The Pentagon will require members of the US military to get the COVID-19 vaccine by Sept. 15, according to a memo obtained by the AP. That deadline could be pushed up if the vaccine receives final FDA approval or infection rates continue to rise. "I will seek the president’s approval to make the vaccines mandatory no later than mid-September, or immediately upon" licensure by the FDA "whichever comes first," Defense Secretary Lloyd Austin says in the memo to troops, warning them to prepare for the requirement. He added that if infection rates rise and potentially affect military readiness, "I will not hesitate to act sooner or recommend a different course to the President if l feel the need to do so. To defend this Nation, we need a healthy and ready force." The memo is expected to go out Monday.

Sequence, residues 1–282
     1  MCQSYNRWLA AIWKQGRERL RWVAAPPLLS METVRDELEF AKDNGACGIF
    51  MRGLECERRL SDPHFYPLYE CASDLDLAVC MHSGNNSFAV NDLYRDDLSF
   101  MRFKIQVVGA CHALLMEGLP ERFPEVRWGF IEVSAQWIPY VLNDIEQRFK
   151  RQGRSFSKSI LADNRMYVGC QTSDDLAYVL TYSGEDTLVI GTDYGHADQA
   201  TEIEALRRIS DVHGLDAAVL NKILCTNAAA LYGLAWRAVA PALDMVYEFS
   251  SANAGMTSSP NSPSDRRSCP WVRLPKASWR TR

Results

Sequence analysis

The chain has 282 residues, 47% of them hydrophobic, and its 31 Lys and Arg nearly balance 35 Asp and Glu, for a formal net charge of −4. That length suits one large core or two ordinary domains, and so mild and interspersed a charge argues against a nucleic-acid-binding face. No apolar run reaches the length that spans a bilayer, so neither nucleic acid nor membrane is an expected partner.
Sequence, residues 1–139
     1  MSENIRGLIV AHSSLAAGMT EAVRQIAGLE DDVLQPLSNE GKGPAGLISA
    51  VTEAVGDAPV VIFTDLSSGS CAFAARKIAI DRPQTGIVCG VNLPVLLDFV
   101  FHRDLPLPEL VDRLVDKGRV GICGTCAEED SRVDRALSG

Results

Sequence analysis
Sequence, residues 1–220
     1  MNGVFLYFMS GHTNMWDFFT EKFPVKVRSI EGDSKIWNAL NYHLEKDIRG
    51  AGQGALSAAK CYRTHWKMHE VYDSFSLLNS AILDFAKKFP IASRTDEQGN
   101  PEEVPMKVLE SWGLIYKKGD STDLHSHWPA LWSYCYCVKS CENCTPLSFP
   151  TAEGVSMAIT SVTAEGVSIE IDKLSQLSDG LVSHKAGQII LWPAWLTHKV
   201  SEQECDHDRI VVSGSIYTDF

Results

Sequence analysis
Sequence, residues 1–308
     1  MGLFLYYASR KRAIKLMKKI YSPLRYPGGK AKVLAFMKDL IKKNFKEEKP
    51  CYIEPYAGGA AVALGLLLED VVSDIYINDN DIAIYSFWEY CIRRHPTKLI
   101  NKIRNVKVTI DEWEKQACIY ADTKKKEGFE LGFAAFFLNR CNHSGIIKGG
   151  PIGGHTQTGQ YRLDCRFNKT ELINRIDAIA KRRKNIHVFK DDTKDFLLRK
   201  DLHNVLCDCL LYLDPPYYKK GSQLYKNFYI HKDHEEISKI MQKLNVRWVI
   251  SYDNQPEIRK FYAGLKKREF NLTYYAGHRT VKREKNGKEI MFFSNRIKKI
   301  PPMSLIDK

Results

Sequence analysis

Austin's decision comes a bit more than a week after President Biden told defense officials to develop a plan requiring troops to get shots as part of a broader campaign to increase vaccinations in the federal workforce. Austin said in his memo says that the military services will have the next few weeks to prepare, determine how many vaccines they need, and how this mandate will be implemented. The additional time, however, also is a nod to the bitter political divisiveness over the vaccine and the knowledge that making it mandatory will likely trigger opposition from vaccine opponents. It also provides time for the FDA to give final approval to the Pfizer vaccine, which is expected early next month. Without that formal approval, Austin would need a waiver from Biden to make the shots mandatory.
(Read more coronavirus vaccine